Starting to answer such questions requires a widened understanding of colonialism and its impact, which has been grasped with the notion of coloniality in recent debates. While colonialism refers to the historically specific phenomenon of one area of the world colonizing another, settling on foreign land, extracting its resources, and violently disciplining its inhabitants, the term coloniality refers to the more long-lasting processes and indirect effects that are the result of centuries of colonialism, and that mark a landscape of global inequality, even after the ‘official’ reign of colonialism has ended. In this sense, the disparity between the so-called ‘Global North’ and ‘Global South’, and the way in which a country such as Switzerland is still profiting from an advantageous position in this globally unequal world, can be considered the result of centuries of colonialism, and to be still part of a condition of coloniality. As this condition is a two-sided and mutually inflictive phenomenon, to unravel the knot of Swiss coloniality, we not only aim to investigate how Switzerland was implicated in activities abroad but also, conversely, how these activities have impacted Switzerland. While in the fields of political, social and economic history, a revisionist effort is underway to reconsider/correct the image of Switzerland as a neutral country without colonies, in the field of architecture and urban history, however, we are yet to unravel the impact of this entanglement on the built environment, and, more widely, on the aesthetic, material and craft cultures of Swiss cities.
Lecture notesMethodology

The overarching hypothesis of this Research Studio is that historical and theoretical research can profit profoundly from the use of the tools and knowledge of architects. On the one hand, the spatial, formal, material, and constructive knowledge gained throughout architectural studies will guide the historical research in the archives, in the library, and/or in the city itself and will allow students to articulate specifically architectural interpretations of the materials they find. On the other hand, the Studio explicitly asks students to employ specific architectural tools such as drawing, writing and model-making to explore the historical and theoretical realities that are being investigated. By actively reflecting on the composition of a varied set of analytical and interpretative drawings, texts, and models, students will probe the capacity of these media to act as tools for historical and theoretical research.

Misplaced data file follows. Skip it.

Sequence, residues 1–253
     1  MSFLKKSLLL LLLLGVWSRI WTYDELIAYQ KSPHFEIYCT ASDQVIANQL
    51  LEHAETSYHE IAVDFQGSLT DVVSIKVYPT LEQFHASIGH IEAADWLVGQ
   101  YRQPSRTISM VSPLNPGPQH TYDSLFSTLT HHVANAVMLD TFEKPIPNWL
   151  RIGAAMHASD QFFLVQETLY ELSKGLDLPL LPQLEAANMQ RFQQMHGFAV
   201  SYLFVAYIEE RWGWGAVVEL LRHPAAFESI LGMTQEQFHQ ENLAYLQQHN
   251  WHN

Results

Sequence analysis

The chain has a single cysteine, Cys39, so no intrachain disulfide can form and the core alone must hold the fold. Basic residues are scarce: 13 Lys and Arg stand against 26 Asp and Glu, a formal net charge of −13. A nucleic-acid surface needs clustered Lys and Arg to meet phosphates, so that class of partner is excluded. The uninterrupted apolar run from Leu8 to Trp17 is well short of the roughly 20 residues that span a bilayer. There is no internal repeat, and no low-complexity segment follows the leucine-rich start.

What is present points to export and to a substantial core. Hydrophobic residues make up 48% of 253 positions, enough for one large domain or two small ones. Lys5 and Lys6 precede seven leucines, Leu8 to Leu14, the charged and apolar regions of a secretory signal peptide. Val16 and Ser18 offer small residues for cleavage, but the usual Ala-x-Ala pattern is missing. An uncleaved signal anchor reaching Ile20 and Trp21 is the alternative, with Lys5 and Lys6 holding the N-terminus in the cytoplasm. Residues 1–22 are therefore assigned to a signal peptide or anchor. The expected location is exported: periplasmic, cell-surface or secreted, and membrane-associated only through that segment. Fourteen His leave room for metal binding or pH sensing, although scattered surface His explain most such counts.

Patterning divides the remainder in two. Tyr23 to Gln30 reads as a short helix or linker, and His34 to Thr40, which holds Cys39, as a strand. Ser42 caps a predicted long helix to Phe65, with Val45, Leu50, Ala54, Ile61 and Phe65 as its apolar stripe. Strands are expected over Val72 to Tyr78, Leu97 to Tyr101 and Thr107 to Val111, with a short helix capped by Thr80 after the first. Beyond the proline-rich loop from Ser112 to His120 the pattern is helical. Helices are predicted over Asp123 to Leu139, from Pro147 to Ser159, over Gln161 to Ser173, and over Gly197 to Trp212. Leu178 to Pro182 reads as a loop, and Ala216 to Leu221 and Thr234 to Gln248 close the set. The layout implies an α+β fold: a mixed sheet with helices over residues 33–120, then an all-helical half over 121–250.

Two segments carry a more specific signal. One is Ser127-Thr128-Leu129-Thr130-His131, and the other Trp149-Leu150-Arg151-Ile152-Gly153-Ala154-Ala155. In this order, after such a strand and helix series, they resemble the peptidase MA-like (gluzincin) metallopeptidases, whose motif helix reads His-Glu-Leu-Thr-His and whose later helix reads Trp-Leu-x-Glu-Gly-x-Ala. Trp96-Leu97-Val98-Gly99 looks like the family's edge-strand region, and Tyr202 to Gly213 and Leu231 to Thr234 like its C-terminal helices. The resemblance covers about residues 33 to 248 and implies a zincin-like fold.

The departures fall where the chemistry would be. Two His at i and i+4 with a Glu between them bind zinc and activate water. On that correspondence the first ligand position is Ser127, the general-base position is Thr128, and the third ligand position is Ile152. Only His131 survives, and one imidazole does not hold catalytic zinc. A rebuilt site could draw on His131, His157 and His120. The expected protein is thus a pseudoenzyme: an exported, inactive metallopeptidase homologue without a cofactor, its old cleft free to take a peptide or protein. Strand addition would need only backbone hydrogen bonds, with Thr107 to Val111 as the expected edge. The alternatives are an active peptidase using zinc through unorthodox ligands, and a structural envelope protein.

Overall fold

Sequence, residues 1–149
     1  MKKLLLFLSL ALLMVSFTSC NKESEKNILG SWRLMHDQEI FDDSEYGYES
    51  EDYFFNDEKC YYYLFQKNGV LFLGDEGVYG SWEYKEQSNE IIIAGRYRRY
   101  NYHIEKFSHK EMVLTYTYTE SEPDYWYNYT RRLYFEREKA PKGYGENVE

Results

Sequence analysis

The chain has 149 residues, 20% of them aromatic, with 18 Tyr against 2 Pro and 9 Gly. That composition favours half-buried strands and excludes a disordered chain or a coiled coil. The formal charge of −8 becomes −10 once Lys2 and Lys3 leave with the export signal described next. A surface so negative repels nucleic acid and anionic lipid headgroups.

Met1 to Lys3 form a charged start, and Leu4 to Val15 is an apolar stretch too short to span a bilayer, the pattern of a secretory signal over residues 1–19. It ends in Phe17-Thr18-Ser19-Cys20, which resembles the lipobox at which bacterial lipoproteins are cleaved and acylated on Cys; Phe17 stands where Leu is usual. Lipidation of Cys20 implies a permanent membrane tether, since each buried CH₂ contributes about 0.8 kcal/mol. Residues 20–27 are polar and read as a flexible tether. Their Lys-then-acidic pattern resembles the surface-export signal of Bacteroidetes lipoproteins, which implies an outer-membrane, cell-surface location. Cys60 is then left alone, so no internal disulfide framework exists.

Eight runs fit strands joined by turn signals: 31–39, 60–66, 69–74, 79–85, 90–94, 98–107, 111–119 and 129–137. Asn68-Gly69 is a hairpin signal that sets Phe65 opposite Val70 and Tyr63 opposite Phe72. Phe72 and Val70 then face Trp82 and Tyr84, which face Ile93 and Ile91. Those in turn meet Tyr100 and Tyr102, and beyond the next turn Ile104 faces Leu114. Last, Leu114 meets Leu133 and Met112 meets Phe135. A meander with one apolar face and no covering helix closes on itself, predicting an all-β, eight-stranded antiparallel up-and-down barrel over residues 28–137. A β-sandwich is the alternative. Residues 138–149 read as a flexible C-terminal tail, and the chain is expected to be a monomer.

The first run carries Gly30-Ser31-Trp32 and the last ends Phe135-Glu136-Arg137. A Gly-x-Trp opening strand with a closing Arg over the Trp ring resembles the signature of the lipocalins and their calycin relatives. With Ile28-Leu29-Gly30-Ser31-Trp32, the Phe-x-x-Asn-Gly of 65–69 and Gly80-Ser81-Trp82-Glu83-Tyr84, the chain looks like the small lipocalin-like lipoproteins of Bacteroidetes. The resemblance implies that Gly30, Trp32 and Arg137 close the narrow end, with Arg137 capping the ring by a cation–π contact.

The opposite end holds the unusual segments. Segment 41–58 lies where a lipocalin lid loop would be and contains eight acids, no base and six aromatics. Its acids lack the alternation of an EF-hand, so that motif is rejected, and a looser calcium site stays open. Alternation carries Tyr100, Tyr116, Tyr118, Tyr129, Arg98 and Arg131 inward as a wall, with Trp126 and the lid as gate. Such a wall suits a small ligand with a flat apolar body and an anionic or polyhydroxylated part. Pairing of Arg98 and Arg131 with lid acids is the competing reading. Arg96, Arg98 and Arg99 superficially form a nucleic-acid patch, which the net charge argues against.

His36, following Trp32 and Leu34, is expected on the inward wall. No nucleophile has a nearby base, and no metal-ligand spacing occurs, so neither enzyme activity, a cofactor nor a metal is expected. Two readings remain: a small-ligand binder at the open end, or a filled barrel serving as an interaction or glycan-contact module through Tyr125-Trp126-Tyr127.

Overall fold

Within the general theme of Swiss Coloniality, students will be guided to identify their own subtheme, which will require exploring their own specific research methodologies. These architecture-specific methodologies will be strategically chosen to discuss specific aspects of society: political, economic, social, cultural, or otherwise. Thus, conjoining these ‘autonomous’ and ‘heteronomous’ dimensions of architecture, a new understanding of the city and our built environment is developed that allows us to answer (some of) the research questions mentioned previously.